In golf, as in most sports, poor weather conditions often lead to worse performances. But for the Harvard men’s golf team, torrential downpours, strong winds, and cold weather led to an improved score on Sunday and also the low round of the day.
Thanks to this strong Sunday showing, Harvard finished second overall, behind Rhode Island, at this past weekend’s Century Intercollegiate, hosted by Yale in Purchase, N.Y.
“We were just playing golf. We were just thinking a lot less, not thinking so much about our swings and mechanics and just trusting what we have,” captain Tony Grillo said
Sophomore Seiji Liu, who won the same tournament last spring under similar conditions, also attributes the team’s success in bad weather to a developed mental approach.
“Our team has historically played very well in extremely brutal conditions,” Liu said. “[By] playing in the Northeast, we never get good weather that teams out west or down south experience, so it’s a lot about playing smart and grinding out scores.”
The Crimson finished Sunday with 301 strokes and a total of 606 on the weekend at +38 overall, six strokes behind Rhode Island. The Rams’ Branden Chicorka was the overall individual winner with a score of +1 for the entire weekend.
Leading the way for the Crimson were seniors Grillo and Mark Pollak, who both finished tied for fourth for the tournament. In the final round, Grillo and Pollak shot a 76 and 75, respectively, to both finish at +6.
Sophomore Theo Lederhausen shot a 74 on Sunday—a seven stroke improvement from Saturday—to finish tied for 12th place at +13.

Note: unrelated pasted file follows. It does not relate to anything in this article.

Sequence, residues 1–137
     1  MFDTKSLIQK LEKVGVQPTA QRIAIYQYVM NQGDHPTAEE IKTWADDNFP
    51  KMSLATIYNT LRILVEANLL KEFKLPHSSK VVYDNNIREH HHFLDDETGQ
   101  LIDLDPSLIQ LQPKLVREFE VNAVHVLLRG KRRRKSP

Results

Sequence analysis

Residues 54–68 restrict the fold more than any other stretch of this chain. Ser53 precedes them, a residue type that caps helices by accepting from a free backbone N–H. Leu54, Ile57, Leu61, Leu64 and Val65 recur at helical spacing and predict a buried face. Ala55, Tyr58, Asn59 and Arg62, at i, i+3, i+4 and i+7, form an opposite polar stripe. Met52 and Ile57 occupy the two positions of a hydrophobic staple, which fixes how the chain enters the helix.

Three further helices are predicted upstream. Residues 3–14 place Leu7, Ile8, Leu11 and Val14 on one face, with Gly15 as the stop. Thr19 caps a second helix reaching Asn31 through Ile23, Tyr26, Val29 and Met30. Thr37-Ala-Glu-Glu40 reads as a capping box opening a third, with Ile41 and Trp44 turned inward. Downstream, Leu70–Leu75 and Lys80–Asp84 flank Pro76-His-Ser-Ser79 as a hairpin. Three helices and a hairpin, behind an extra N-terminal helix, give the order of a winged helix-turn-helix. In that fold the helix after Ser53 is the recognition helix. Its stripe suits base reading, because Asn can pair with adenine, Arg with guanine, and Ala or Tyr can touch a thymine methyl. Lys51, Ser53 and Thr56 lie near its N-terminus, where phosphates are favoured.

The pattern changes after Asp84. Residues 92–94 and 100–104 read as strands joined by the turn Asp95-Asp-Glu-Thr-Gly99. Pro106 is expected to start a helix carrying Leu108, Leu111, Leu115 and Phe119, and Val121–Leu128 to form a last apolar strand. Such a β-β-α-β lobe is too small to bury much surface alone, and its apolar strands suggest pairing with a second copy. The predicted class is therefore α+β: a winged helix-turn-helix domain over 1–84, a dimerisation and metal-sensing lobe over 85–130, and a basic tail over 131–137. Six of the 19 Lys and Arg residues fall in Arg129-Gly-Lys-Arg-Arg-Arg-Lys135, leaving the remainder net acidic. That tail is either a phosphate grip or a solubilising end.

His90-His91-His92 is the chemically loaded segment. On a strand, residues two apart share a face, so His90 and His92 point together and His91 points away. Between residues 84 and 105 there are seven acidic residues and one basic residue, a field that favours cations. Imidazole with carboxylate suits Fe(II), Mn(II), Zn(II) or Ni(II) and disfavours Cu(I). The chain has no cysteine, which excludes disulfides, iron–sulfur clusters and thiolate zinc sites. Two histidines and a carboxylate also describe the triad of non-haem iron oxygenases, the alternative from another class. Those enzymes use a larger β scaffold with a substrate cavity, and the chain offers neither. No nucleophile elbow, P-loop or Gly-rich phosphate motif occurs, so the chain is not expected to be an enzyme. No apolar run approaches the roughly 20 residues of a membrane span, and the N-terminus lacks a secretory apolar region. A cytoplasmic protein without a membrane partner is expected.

Liu’s final round of 76 placed him tied for 20th for the weekend at +15. The sophomore, who won last year’s event, said that three bad holes cost him a similar finish this year and that the errors proved even more costly given the strength of the current competition.
“Making stupid mistakes is going to be a lot more penalizing than in years past, so it is going to be critical for all of us to be very smart about how we approach every shot in the course in general,” Liu said.
But Harvard was still able to finish ahead of every other Ivy in the tournament. Dartmouth’s Peter Williamson, last weekend’s winner at the Princeton Invitational, was the only golfer to finish ahead of Grillo and Pollak.
“The Ivy League has grown extremely deep over the years, and it’s a very good conference now,” Liu said. “It’s getting better every year.”
Crimson freshman Akash Mirchandani’s score of 77 placed him at 16th at +14, tied also with fellow teammate Michael Lai, who shot a 75 on Sunday playing as an individual.
Saturday’s conditions were not as brutal, but after one round of golf, Harvard found itself in fourth place with 305 strokes, nine strokes off first-place Rhode Island with Dartmouth and host Yale in second and third, respectively.
Leading the Crimson was Grillo, whose score of 72 for the first round was tied for second best on the day.